As San Francisco is set to raise its minimum wage to $15 over the next few years, Chipotle raised the price of its food.
According to Investors Business Daily, Chipotle in San Francisco raised its prices as much as 14.4 percent as the Golden Gate City raised its minimum wage by 14 percent.
"We believe the outsized San Francisco price hike was likely because of increased minimum wages (which rose from $10.74 per hour to $12.25 on May 1) as well as scheduled minimum wage increases in future years," Sharon Zackfia of the investment firm Williams Blair said in client note obtained by Investors Business Daily.
A customer exits a Chipotle Mexican Grill in San Francisco, California, U.S., on Monday, Feb. 2, 2015. Chipotle Mexican Grill is expected to release earnings figures on Feb 3. Photographer: David Paul Morris/Bloomberg via Getty Images
Restaurants in Denver, Chicago, Orlando and Minneapolis also saw an increase in prices, according to the William Blair review, but those increases averaged out to only 0.5 percent, largely in part to a rise in the price of beef. In San Francisco, prices of beef entrees were raised 14.4 percent, large sodas were raised 11.1 percent, chips were raised 10.3 percent and water was raised 10 percent.
San Francisco will raise its minimum wage to $13 in 2016 and then to $14 in 2017 and $15 in 2018.
Chris Arnold, a spokesman for Chipotle, confirmed to the Chicago Tribune that the San Francisco pricing hike was "done in part to offset higher labor costs." Pricing at Chipotles nationwide vary due to the cost of doing business, he said.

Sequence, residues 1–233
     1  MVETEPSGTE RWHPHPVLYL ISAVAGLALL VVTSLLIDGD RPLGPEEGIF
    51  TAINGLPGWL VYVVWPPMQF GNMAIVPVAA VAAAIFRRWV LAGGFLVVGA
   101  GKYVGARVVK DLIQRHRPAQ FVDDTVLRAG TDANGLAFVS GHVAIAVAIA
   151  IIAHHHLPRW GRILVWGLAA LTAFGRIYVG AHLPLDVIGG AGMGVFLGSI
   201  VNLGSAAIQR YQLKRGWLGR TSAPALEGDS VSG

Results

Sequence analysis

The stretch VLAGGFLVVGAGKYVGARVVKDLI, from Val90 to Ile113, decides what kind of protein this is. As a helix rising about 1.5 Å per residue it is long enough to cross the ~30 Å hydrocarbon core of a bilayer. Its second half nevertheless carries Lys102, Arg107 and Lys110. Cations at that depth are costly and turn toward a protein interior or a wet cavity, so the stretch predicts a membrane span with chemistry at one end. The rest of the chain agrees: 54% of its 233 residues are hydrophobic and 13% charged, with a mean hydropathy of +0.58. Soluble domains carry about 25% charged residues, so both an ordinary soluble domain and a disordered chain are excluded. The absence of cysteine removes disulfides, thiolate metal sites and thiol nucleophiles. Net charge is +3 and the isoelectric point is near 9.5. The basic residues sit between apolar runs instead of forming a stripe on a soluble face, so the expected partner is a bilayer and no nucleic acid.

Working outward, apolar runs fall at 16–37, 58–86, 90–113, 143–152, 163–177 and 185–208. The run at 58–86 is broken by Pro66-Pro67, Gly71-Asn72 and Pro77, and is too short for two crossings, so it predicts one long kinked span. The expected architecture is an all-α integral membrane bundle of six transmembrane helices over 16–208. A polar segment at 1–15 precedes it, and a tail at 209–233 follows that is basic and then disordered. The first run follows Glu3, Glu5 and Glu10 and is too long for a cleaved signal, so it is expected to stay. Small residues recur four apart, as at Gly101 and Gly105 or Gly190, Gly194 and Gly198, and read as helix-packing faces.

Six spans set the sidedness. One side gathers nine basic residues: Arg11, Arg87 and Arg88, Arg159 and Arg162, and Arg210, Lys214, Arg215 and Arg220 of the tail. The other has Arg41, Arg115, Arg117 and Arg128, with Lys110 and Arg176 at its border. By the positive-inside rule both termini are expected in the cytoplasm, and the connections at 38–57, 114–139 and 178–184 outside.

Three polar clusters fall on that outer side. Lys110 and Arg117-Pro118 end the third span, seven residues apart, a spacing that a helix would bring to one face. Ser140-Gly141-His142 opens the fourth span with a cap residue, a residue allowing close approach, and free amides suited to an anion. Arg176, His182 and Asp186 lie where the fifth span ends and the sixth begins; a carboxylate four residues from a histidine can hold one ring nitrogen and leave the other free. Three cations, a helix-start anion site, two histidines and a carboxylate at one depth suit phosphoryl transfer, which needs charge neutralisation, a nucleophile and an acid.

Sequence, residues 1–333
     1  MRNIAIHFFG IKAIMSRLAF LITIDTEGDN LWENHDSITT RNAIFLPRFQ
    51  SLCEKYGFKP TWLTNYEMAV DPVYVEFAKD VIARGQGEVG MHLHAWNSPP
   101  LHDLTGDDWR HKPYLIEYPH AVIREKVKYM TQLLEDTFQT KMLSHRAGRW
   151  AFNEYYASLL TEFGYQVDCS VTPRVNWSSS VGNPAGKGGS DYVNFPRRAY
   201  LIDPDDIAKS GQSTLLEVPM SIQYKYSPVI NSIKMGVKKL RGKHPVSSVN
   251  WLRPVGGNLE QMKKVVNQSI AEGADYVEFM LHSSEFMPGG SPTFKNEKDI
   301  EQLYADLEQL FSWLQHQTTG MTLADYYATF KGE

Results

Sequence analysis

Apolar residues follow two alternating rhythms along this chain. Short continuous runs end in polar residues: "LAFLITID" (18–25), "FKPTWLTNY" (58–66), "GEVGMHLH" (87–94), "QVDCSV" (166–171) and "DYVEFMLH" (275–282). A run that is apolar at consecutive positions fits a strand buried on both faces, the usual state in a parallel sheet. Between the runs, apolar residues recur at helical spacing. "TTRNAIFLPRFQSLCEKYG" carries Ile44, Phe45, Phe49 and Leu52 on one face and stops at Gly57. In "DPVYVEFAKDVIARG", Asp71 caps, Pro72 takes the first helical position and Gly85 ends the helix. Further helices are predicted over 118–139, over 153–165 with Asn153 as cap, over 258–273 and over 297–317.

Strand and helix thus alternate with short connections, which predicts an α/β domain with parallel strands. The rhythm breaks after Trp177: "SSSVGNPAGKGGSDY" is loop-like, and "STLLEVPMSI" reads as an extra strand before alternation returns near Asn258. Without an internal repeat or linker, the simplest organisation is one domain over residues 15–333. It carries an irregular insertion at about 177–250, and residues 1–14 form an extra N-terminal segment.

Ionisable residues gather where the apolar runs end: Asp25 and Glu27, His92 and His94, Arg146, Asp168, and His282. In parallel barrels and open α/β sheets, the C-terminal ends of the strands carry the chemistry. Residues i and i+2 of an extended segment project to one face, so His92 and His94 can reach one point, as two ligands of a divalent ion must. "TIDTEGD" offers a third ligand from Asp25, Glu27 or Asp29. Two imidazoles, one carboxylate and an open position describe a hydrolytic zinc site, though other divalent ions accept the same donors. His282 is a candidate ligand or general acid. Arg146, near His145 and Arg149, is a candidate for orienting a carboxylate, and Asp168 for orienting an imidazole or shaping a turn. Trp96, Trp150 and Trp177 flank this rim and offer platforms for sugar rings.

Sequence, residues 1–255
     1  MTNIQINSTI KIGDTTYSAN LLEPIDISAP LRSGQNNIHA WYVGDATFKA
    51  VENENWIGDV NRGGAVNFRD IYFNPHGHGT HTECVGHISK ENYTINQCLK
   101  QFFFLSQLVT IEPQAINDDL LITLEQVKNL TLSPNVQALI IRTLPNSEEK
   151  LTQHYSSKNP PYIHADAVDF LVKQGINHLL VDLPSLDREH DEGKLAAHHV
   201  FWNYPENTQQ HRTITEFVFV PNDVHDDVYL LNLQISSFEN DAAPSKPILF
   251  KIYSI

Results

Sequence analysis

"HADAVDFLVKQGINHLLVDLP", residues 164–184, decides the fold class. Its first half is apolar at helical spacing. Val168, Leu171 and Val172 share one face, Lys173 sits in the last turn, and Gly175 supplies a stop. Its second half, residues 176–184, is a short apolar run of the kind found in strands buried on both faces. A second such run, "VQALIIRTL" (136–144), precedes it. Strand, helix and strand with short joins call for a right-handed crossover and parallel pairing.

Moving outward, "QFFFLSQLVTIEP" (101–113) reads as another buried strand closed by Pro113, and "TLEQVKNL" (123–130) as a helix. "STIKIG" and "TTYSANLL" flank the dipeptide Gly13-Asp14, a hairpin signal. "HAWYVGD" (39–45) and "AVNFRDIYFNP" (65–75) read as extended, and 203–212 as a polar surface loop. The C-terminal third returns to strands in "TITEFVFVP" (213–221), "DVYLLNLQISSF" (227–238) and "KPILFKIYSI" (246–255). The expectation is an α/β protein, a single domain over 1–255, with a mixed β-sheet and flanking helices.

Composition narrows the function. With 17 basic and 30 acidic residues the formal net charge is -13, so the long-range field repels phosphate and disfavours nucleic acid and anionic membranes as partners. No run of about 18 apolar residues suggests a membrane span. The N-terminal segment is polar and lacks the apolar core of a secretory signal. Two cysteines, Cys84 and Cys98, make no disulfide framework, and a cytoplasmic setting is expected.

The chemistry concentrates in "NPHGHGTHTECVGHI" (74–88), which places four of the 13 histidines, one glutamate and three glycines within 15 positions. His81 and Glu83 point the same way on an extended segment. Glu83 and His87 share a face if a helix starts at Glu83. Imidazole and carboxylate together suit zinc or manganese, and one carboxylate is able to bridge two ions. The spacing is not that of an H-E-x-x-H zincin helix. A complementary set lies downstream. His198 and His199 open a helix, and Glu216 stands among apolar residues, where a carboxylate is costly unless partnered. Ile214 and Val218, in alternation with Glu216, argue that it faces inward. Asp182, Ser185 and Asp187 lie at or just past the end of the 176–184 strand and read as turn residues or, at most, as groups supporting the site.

"California, and San Francisco in particular, has a high cost of doing business," Arnold said. "In San Francisco, for example, our occupancy costs are about double the Chipotle average as a percentage of sales, and our menu prices there are right around the average for Chipotle restaurants around the country, so increases to wages can have a greater impact than they might elsewhere."
MIAMI, FL - APRIL 27: Chipotle restaurant workers fill orders for customers on the day that the company announced it will only use non-GMO ingredients in its food on April 27, 2015 in Miami, Florida. The company announced, that the Denver-based chain would not use the GMO's, which is an organism whose genome has been altered via genetic engineering in the food served at Chipotle Mexican Grills. (Photo by Joe Raedle/Getty Images)
According to Eater, while officials in Los Angeles and Seattle have also approved a minimum wage hike to $15 per hour, it is unclear whether or not Chipotle will raise prices in those communities as well.
Chipotle recently made its debut on the American Customer Satisfaction Index, coming in second place right behind Chick-fil-a.